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std::uniform_int_distribution class in C++
  • Last Updated : 31 May, 2021

In Probability, Discrete Uniform Distribution Function refers to the distribution with constant probability for discrete values over a range and zero probability outside the range. The probability density function P(x) for uniform discrete distribution in interval [a, b] is constant for discrete values in the range [a, b] and zero otherwise. Mathematically the function is defined as: 

    \[ f(x) = \begin{cases} \frac{1}{b-a}, & a\leq x \leq b\\ 0, & \text{otherwise}\\ \end{cases} \]

 


C++ have introduced uniform_int_distribution class in the random library whose member function give random integer numbers or discrete values from a given input range with uniform probabilty.
Public member functions in uniform_int_distribution class:
 



  1. operator(): This function returns a random number from the given range of distribution. The probability for any number to be obtained from this function is same. Operator() function takes constant time for generation. 
    Example: 
     

CPP




// C++ code to demonstrate the working of
// operator() function
  
#include <iostream>
  
// for uniform_int_distribution function
#include <random>
  
using namespace std;
  
int main()
{
    // Here default_random_engine object
    // is used as source of randomness
    // We can give seed also to default_random_engine
    // if psuedorandom numbers are required
    default_random_engine generator;
  
    int a = 0, b = 9;
  
    // Initializing of uniform_int_distribution class
    uniform_int_distribution<int> distribution(a, b);
  
    // number of experiments
    const int num_of_exp = 10000;
  
    int n = b - a + 1;
    int p[n] = {};
    for (int i = 0; i < num_of_exp; ++i) {
  
        // using operator() function
        // to give random values
        int number = distribution(generator);
        ++p[number-a];
    }
  
    cout << "Expected probability: "
         << float(1) / float(n) << endl;
  
    cout << "uniform_int_distribution ("
         << a << ", " << b << ")" << endl;
  
    // Displaying the probability of each number
    // after generating values 10000 times.
    for (int i = 0; i < n; ++i)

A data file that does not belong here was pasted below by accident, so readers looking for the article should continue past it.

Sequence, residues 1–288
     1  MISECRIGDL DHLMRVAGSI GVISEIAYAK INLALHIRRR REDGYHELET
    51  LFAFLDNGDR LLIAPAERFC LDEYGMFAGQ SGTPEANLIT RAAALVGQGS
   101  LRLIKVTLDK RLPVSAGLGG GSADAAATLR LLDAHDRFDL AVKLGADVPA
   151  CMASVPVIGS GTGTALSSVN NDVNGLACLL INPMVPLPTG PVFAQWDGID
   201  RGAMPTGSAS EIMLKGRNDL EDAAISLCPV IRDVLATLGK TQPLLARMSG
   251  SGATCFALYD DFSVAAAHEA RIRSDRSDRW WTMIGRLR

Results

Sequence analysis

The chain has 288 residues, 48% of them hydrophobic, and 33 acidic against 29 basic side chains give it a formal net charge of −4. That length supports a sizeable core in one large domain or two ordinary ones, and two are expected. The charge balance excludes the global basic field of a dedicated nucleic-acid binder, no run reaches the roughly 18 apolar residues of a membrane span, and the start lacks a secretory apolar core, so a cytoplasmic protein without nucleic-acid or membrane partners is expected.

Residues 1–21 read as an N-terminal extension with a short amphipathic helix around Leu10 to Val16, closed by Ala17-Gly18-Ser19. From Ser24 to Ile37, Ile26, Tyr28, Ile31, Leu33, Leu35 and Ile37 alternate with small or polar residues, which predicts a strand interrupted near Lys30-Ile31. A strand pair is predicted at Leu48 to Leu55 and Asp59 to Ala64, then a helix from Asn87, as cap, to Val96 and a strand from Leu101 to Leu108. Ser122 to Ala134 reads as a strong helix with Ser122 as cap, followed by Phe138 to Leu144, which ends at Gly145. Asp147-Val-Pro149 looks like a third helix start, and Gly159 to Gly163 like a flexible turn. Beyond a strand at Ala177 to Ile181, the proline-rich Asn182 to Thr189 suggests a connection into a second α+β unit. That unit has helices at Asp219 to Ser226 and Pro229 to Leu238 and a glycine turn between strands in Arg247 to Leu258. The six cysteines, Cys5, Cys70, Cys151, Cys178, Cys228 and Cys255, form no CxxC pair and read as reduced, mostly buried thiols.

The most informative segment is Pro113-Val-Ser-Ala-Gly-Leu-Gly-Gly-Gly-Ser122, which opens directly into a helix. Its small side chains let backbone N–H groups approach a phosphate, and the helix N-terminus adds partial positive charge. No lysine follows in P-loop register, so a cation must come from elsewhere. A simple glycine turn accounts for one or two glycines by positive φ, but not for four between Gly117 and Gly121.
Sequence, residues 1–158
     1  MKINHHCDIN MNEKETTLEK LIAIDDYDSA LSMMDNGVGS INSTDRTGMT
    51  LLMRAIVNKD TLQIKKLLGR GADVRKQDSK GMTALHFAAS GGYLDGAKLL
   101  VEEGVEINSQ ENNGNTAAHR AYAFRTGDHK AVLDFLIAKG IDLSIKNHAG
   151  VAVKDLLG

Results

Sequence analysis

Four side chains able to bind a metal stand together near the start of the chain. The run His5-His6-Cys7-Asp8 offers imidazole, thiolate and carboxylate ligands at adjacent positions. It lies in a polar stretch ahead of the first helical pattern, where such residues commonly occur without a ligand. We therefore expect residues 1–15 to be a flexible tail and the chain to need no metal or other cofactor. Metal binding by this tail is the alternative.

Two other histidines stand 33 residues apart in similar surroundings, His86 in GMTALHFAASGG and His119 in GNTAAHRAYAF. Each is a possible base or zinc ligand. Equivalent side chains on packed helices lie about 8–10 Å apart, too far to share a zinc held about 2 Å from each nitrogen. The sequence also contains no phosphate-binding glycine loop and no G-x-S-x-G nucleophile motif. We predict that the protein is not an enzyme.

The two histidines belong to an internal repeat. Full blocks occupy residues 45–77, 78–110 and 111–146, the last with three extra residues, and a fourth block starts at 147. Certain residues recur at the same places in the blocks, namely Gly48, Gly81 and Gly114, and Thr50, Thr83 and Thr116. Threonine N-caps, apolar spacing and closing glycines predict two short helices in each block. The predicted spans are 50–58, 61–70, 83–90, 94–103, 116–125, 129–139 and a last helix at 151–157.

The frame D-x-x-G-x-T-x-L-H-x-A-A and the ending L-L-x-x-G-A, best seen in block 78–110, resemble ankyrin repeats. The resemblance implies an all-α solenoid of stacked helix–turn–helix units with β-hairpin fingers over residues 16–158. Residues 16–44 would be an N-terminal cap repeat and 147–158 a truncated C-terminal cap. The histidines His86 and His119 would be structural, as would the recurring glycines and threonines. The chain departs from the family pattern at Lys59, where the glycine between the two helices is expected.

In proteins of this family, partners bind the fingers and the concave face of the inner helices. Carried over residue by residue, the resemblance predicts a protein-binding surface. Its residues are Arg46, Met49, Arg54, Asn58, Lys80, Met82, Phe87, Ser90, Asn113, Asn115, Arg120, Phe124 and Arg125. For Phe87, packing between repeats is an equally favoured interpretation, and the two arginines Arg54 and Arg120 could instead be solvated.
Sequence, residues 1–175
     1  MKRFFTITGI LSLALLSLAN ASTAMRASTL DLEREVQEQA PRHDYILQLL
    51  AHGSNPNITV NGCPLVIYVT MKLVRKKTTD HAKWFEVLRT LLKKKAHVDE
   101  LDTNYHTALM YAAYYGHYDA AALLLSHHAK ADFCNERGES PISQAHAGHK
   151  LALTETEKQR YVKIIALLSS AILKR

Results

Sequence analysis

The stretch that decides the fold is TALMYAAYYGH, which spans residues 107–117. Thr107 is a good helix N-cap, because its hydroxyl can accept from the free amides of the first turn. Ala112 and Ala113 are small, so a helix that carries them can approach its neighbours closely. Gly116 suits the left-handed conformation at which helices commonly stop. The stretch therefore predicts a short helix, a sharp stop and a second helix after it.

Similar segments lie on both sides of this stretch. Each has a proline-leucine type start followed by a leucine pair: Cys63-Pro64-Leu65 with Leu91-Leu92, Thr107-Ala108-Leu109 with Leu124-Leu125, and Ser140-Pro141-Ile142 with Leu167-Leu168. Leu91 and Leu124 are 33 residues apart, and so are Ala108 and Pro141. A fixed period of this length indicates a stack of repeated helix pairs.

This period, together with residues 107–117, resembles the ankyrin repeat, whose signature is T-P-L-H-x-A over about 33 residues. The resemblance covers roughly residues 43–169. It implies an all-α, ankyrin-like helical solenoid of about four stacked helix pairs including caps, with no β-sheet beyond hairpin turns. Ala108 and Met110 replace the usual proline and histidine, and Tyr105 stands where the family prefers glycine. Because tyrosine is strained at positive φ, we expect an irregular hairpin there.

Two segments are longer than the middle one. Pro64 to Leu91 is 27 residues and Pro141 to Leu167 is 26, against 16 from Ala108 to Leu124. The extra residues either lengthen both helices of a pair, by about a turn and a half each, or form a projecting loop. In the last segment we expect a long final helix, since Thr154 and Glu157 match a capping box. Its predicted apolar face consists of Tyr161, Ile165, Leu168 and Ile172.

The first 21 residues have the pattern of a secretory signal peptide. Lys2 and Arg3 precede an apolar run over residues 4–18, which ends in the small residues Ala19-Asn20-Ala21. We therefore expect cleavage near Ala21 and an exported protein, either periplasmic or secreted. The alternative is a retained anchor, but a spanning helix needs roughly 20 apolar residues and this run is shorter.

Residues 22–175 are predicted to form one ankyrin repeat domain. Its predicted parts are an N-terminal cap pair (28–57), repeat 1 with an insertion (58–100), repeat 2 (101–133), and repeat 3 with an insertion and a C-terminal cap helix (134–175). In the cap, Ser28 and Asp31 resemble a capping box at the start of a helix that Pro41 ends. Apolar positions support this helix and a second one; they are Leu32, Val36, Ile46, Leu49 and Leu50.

cout << a + i << ": "
             << (float)p[i] / (float)(num_of_exp)
             << endl;
  
    return 0;
}
Output: 
Expected probability: 0.1
uniform_int_distribution (0, 9)
0: 0.0993
1: 0.1007
2: 0.0998
3: 0.0958
4: 0.1001
5: 0.1049
6: 0.0989
7: 0.0963
8: 0.1026
9: 0.1016

 

We could observe from the output that the probability of each number obtained from the random number is much closer to calculated probability. 
 

  1. a(): Returns the lower parameter of range. This specifies the lower bound of the range of values potentially returned by its member operator(). 
     
  2. b(): Returns the higher parameter of range. This specifies the upper bound of the range of values potentially returned by its member operator(). 
     
  3. max(): This function return the possible smallest upper bound of output possible from the operator() function. 
     
  4. min(): This function return the possible highest lower bound of output possible from the operator() function. 
     
  5. reset(): This function resets the distribution such that subsequent distributions are not dependent on the previously generated numbers. 
     

Example:
 

CPP




// C++ code to demonstrate the working of
// a(), b(), min(), max(), reset() function
  
#include <iostream>
  
// for uniform_int_distribution function
#include <random>
  
using namespace std;
  
int main()
{
    int a = 10, b = 100;
  
    // Initializing of uniform_int_distribution class
    uniform_int_distribution<int> distribution(a, b);
  
    // Using a() and b()
    cout << "Lower Bound"
         << " " << distribution.a() << endl;
    cout << "Upper Bound"
         << " " << distribution.b() << endl;
  
    // Using min() and max()
    cout << "Minimum possible output"
         << " " << distribution.min() << endl;
    cout << "Maximum possible output"
         << " " << distribution.max() << endl;
  
    // Using reset()
    distribution.reset();
    return 0;
}
Output: 
Lower Bound 10
Upper Bound 100
Minimum possible output 10
Maximum possible output 100

 

Reference: https://en.cppreference.com/w/cpp/numeric/random/uniform_int_distribution
 

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